Georgia has become the latest state to approve a prescription drug monitoring program designed to help stop the abuse of opioid painkillers.
The Lexington-Herald Leader reports that counting Georgia’s law, there are now 35 states with operating monitoring systems. Another 13 have been approved, but are not yet up and running. Only Missouri, New Hampshire and the District of Columbia do not have approved systems, according to the article.
Georgia officials said they hope the prescription monitoring system will be operational by January 2013, if they are able to get grants to fund it.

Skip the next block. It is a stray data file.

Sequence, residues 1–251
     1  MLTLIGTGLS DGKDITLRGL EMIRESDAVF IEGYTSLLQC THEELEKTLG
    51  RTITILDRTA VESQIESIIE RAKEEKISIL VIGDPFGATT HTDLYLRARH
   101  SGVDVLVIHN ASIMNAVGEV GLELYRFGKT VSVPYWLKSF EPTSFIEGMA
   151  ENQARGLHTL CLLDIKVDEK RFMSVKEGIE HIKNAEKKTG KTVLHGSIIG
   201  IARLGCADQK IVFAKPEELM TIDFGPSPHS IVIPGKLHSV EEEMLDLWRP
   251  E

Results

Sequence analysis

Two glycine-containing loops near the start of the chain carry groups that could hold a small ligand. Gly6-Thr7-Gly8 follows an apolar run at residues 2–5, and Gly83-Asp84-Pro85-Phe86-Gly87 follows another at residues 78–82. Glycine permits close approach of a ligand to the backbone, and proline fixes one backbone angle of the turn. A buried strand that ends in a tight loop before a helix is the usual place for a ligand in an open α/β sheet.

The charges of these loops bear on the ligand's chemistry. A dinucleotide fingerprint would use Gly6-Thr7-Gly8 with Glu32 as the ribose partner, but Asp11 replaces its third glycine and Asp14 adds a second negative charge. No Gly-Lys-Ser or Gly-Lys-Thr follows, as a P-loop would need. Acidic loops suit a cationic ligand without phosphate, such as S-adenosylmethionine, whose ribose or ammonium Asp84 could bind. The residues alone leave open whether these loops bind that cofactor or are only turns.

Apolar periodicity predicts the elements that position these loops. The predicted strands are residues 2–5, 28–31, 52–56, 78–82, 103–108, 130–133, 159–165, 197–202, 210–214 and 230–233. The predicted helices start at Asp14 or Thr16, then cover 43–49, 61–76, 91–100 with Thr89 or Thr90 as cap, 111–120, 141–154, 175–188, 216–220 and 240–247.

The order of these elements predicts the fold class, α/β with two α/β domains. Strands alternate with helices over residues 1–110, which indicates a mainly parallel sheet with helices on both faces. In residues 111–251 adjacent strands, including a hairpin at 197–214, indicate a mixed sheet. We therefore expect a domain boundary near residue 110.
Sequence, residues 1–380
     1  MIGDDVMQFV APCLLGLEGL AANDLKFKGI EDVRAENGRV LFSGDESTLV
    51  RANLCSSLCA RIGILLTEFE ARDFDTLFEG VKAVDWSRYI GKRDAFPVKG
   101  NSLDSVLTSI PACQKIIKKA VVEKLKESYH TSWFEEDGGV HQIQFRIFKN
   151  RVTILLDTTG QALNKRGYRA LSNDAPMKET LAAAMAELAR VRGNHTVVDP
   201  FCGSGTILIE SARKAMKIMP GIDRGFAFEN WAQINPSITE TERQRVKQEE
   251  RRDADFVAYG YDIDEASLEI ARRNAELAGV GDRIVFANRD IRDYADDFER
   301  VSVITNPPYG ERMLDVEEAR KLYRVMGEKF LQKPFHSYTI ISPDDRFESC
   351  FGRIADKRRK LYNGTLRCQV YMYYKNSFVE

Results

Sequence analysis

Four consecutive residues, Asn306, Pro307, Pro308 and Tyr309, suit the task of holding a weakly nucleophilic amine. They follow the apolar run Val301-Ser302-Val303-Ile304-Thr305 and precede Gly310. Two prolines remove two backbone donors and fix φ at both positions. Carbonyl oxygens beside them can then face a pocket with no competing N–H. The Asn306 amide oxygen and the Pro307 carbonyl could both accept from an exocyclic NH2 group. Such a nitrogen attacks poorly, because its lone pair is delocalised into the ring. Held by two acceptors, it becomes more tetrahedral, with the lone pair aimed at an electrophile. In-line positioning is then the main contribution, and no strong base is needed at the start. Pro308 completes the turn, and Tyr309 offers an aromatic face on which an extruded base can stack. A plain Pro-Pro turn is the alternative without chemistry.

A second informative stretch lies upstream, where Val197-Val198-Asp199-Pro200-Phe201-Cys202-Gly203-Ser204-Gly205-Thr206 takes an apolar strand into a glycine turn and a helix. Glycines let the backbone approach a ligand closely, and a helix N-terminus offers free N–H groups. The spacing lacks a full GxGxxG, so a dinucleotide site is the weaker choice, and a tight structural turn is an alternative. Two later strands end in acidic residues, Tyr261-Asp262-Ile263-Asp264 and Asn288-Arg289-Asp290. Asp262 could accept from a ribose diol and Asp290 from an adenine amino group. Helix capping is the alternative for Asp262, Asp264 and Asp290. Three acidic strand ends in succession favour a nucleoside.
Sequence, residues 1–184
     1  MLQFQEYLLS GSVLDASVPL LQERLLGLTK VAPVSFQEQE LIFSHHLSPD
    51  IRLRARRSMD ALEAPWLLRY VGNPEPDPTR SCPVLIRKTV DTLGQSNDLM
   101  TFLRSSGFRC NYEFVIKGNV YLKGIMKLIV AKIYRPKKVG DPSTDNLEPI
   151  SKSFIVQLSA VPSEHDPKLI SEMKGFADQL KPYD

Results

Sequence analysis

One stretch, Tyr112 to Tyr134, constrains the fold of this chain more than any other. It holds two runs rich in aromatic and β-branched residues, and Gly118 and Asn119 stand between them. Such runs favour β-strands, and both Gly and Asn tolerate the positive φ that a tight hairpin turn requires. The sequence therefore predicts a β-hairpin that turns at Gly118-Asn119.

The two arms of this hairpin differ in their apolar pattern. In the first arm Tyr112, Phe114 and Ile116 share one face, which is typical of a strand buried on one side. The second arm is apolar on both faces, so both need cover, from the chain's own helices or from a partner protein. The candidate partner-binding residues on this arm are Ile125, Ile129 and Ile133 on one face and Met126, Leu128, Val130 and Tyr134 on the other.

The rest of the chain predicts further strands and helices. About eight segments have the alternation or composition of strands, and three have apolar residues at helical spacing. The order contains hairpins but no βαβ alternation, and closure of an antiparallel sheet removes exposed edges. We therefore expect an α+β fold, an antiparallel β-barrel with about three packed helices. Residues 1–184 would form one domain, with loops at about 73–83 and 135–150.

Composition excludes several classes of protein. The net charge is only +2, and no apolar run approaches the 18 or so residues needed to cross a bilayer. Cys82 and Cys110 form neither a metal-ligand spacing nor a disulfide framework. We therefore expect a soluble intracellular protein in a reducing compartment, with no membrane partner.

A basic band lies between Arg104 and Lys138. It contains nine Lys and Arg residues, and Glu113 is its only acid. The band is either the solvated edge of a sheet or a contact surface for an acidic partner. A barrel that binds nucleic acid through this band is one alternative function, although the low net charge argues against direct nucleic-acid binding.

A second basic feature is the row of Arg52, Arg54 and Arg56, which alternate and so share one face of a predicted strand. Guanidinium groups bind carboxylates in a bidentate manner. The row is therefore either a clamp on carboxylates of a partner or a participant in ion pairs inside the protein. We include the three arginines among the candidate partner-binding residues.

Florida Governor Rick Scott recently signed into law a bill designed to shut down “pill mills,” pain clinics that cater to people shopping for opioid medications. The legislation includes a drug monitoring database, which allows pharmacists and law enforcement officials to keep track of prescriptions. Drug monitoring databases are designed to prevent “doctor shopping” and to quickly identify doctors who are passing out prescription medication illegally. Private funds are expected to cover the Florida database’s set up costs and the first 18 months of operation.